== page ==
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Orlando kind of reminds me of Romeo (separate play of course). He's kind of a sap when it comes to women. When he sees Rosalind he falls desperately in love. He immediately starts spouting poetry and prose that isn't even very good. Check this out,
"From the east to western Ind,
No jewel is like Rosalind.
Her worth, being mounted on the wind,
Through all the world bears Rosalind."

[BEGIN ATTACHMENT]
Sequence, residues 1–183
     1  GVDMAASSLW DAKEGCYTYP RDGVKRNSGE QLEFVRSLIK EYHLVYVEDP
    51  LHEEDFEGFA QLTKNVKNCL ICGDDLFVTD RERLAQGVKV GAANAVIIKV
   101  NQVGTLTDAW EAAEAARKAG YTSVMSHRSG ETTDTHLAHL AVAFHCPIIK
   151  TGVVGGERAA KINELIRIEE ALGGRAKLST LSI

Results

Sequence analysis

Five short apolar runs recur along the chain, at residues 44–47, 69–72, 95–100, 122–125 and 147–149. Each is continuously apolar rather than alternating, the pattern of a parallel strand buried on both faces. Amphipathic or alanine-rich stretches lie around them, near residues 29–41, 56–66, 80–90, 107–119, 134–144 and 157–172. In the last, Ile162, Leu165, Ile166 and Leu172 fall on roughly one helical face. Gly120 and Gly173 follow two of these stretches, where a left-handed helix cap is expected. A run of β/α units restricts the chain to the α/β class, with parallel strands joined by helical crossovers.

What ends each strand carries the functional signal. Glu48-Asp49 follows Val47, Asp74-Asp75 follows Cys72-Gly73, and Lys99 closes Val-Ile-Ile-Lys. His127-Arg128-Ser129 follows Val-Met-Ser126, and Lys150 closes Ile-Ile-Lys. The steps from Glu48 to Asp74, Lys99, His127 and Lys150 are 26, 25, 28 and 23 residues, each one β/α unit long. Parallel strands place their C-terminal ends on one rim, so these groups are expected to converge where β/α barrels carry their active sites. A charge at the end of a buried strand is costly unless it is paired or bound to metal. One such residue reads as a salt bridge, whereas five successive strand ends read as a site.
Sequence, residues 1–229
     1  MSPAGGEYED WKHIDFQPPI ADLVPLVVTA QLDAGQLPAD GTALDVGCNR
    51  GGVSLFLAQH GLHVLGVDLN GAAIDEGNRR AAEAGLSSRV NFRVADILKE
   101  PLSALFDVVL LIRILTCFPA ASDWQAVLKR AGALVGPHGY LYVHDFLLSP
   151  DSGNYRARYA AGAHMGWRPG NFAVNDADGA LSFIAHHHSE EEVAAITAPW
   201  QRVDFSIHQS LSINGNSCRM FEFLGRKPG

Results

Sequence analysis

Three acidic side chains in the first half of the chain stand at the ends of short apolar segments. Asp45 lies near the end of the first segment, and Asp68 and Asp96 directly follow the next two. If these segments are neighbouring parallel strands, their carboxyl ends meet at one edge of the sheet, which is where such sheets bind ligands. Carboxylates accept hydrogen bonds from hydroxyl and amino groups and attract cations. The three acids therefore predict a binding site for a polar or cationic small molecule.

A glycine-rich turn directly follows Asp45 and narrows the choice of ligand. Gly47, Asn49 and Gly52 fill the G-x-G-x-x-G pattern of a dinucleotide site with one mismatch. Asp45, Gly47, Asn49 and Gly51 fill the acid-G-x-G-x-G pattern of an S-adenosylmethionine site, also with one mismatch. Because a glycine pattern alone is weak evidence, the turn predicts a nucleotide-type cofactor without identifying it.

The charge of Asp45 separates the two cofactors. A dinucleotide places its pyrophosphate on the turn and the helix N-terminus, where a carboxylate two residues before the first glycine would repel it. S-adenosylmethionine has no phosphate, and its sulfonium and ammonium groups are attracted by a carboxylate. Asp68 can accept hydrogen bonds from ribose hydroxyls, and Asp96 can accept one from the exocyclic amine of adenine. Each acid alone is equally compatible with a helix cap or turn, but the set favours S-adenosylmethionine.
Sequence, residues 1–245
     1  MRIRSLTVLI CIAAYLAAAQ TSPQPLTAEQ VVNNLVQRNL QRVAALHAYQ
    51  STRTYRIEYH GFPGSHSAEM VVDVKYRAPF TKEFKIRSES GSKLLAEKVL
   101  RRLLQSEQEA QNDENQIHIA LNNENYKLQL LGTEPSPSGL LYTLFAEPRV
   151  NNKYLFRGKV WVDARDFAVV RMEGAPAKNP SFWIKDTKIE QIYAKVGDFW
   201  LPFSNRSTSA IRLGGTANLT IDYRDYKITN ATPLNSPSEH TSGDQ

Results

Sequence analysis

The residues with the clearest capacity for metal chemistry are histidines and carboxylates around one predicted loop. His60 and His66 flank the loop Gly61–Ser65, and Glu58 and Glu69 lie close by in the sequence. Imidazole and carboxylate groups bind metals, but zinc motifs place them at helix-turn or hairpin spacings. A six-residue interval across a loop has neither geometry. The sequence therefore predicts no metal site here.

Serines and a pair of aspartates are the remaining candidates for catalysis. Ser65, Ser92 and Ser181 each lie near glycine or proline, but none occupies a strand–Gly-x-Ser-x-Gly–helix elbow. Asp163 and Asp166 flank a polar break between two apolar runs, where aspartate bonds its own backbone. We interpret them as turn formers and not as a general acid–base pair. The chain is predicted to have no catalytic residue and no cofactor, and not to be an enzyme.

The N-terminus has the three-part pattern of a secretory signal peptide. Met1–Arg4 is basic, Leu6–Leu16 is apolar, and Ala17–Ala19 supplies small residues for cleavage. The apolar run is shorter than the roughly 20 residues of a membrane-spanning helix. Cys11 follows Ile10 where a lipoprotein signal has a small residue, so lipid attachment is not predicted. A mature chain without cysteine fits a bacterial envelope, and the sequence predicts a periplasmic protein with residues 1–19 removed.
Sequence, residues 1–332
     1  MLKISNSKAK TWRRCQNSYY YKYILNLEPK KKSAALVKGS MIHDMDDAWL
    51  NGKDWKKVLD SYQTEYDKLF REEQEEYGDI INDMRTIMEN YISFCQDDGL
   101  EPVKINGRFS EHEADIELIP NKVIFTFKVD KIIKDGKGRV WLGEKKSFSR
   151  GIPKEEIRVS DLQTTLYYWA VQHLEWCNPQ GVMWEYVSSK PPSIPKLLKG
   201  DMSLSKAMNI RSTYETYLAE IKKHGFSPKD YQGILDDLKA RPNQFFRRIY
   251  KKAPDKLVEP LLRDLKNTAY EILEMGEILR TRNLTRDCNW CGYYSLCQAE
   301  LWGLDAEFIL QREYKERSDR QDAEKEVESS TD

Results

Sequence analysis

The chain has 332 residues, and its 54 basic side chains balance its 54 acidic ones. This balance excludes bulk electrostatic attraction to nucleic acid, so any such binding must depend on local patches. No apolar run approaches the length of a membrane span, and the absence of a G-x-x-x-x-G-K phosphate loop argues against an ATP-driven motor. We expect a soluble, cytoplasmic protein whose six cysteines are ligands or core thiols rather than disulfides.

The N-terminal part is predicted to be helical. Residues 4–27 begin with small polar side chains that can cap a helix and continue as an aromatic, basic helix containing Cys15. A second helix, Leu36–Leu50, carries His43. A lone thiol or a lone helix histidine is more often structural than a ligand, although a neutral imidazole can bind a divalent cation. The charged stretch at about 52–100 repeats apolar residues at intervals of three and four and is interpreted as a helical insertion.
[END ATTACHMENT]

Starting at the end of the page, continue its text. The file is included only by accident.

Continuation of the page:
Yuck! As far as mysogynistic or patriarchal tendencies, Orlando follows the type of Shakespearean man that goes all or nothing for love. Women are either worshiped or forgotten, there is no in-between . In that sense there is a type of misogyny that relegates women to the stuff of male fantasy. There is no evidence that Orlando is overtly cruel to women but he has expectations that no woman could live up to.